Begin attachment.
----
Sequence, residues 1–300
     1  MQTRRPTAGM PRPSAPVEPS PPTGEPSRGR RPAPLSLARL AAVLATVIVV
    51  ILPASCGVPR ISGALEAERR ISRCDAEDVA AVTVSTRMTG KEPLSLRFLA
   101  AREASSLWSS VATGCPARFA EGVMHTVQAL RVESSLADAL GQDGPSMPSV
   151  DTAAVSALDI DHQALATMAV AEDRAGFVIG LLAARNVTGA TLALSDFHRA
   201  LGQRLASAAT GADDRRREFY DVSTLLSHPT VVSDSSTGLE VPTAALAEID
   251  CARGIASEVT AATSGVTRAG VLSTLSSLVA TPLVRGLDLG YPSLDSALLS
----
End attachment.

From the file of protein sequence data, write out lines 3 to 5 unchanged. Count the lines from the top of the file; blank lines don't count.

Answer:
    51  ILPASCGVPR ISGALEAERR ISRCDAEDVA AVTVSTRMTG KEPLSLRFLA
   101  AREASSLWSS VATGCPARFA EGVMHTVQAL RVESSLADAL GQDGPSMPSV
   151  DTAAVSALDI DHQALATMAV AEDRAGFVIG LLAARNVTGA TLALSDFHRA